This job affords me troves of time. On one hand, I have ample time to think, read, exercise, travel, spend time with friends, and plan for the future. This is a blessing. On the flipside, excess time can lead to self-introspection and critique.
I am ambivalent about the value of psychological self-discovery. It is a wonderful opportunity to acquire insights into one’s behavior. Identifying problems present opportunities for positive change. It also allows us to construct coherent narratives in tough times to improve resilience.
However, one can easily get lost in rabbit holes of thought. Without consistent feedback from others, we cannot check our assumptions. We can easily slip down a slope of irrational beliefs into a destructive abyss (like giving up on attainable goals or walking away from promising relationships). In other words, how can we be sure that our introspective insights are accurate?
One introspection method I love involves writing letters to my future self. I believe they help me articulate my present-day concerns with more detachment and elicit optimism by suggesting that my current troubles will one day prove insignificant. Here is an example:
Dear Future Me,
I was wondering the other day how you deal with motivation? Are you as concerned about self-improvement as I am now?
I have ridden the self-improvement bandwagon for almost three years now. I have made great strides in how I think, how I manage my emotions, how I produce work, and how I think about my life in a grand scheme. I give myself countless opportunities to be productive.
What I don’t give myself is a break. I am so hard on myself. Every success is normal and unworthy of praise. I worked hard, stumbled upon a bit of luck, and had a success. I see it as par for the course. It’s not a cause to celebrate. I wish I was better at sitting back and appreciating my successes. How do you deal with that today?
On the other side, I unfailingly denigrate myself for failures.
Just the other day, I met teachers for dinner. It wasn’t a school function, but rather a friendly gathering. Do you remember your days teaching English in Korea? Feel free to put this letter down for a brief moment of reminiscence.
At first, I was hesitant to go. I had my eyes set on getting a second workout, eating some homemade nutrition, and going to bed early. However, I told myself that being social with teachers has amazing benefits for both my job and my well-being. I self-capitulated.
Soon, another decision reared its head. Should I drink? I anticipated drinking a little bit and therefore assented. But many bottles of soju later, we were quite drunk and in search of a singing room. There we continued to drink more. I munched on snacks, beer, and soju.
While I had a ton of fun in the moment, alcohol is the ultimate antithesis of delayed gratification. The next morning I struggled to get out of bed, skipped my workout, didn’t study Korean, and trudged to school a hungover mess. I sat at my desk most of the day watching Youtube videos. It was so unproductive it made me feel even sicker.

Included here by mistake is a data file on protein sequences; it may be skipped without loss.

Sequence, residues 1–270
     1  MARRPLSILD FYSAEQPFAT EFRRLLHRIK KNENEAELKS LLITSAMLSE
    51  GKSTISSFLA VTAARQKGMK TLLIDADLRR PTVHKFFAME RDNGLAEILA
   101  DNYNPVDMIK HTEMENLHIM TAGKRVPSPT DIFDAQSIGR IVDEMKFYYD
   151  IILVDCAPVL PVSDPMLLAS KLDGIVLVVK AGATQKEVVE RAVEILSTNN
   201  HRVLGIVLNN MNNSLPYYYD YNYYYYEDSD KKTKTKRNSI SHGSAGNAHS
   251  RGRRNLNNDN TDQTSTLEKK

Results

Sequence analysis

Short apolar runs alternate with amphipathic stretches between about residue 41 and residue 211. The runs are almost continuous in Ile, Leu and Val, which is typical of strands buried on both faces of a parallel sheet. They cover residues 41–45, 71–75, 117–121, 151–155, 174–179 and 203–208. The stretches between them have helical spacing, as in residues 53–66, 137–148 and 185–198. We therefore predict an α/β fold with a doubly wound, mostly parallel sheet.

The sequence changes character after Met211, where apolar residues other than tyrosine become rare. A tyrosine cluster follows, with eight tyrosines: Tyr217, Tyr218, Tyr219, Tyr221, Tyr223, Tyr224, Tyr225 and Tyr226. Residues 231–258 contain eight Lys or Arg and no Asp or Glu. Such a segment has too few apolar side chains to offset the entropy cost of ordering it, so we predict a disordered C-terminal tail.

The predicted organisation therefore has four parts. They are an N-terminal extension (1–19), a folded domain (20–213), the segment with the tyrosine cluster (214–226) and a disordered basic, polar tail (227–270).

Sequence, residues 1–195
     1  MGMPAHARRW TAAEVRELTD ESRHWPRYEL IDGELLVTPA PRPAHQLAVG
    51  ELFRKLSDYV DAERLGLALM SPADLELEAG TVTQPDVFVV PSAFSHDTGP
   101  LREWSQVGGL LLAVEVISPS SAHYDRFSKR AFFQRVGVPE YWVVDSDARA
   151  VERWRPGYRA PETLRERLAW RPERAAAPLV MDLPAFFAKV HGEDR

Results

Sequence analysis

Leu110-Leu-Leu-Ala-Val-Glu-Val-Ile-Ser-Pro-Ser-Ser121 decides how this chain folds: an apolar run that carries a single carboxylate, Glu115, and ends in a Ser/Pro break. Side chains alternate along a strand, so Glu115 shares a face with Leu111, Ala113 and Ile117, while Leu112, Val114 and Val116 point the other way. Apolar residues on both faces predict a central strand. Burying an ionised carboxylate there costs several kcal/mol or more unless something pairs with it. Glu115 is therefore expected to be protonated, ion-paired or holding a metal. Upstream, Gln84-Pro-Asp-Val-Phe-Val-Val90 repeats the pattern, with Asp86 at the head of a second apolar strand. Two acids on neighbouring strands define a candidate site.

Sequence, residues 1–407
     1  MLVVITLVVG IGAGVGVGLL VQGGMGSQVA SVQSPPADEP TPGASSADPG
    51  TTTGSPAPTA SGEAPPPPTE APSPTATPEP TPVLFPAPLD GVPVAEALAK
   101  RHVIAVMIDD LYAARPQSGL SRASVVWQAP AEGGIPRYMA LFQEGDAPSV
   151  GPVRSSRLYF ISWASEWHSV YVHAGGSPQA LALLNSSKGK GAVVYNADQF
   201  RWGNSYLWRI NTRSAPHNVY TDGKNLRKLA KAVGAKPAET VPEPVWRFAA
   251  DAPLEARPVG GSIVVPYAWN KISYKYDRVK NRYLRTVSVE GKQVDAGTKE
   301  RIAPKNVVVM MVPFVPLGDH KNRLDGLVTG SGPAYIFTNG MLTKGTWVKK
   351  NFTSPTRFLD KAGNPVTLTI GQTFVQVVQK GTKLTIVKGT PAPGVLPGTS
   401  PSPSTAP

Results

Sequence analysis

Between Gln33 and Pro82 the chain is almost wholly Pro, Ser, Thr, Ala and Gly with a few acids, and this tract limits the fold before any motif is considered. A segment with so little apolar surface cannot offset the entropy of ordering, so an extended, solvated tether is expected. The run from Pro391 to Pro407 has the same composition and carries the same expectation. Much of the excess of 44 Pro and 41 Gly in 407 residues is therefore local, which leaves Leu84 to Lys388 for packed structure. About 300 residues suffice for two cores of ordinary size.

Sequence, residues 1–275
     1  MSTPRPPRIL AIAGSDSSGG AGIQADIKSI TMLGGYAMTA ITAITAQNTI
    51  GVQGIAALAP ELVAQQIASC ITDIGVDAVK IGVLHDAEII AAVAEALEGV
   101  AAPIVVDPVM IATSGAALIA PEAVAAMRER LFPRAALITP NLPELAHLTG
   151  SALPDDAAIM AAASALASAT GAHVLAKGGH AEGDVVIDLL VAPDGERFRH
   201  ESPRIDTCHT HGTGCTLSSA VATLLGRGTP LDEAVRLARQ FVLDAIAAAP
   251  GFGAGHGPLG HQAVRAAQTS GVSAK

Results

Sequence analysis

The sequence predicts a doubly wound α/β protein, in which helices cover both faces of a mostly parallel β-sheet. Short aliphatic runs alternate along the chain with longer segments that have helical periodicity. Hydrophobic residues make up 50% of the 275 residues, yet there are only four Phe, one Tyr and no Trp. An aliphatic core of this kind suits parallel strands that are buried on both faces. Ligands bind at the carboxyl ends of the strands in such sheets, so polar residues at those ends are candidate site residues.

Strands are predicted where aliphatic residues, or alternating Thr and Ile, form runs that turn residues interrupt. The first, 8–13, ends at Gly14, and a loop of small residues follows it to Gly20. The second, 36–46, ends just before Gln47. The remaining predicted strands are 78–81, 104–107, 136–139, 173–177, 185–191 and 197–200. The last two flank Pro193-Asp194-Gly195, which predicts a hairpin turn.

What decisions produced this completely unproductive day? On one hand, the decision to meet up with my teachers put me in the position to drink to excess. Then again, no one put a gun to my head and a shot of soju to my lips. I made poor choices and paid the price. I cannot believe I allowed my drinking to compromise my hard-fought morning routine. I’m ashamed.
This is the problem. I rarely (if ever) celebrate the fact that I fought hard for a solid morning routine in the first place. However, after only one slip-up following three months of adherence, I feel like a failure. Why can’t I give myself a break?
I think part of it has to do with feeling the pressure of a hypercompetitive world. I feel like I need to propel myself forward every single day or else I will fall behind and end up in a dead end job hating my life. I will unleash this frustration on my future wife and children, ultimately generating a cycle of self-critical misery. My drinking will inevitably get worse and I will trudge toward an untimely grave, condemning my self-improvement efforts as futile.
How did you feel reading that? Did you cringe at my whiny angst or is so true that it hurts? I sincerely hope it is the former. I sincerely hope that your obsession with productivity doesn’t beget your demise. Perfection is the enemy. Progress is your greatest ally.
I hope you learn to live life slowly, appreciating one moment at a time. I hope you use your productivity for the express purpose of freeing up space to relax and appreciate moments with people you care about.
Who cares if you weren’t 100% productive today? No one is. Just try to win small battles at a time. When you lose, dust yourself off, make adjustments, and keep walking.
Even if you take occasional steps back, just make sure the steps forward outnumber them. If you can do that, you will always be moving forward. That would be worth celebrating. Don’t celebrate perfection. Relish in “good enough.” You are enough regardless of what you did today. You are enough regardless of what anyone tells you. I know you know all of this. The real question is, do you live it?
How good and pleasant it was to bask in the warmth of the Buddha by the sea.
I love this staircase of books. Gamcheon was full of surprises.
The coats cover my distended and overstuffed belly (more on that next week).
The label kills me. “Movie cameraman.” It’s like an English lesson in statue form.
This massive market was fun to explore. I got some TWICE posters out of it, too.
“Look, Ma! I made my first Korean friend!”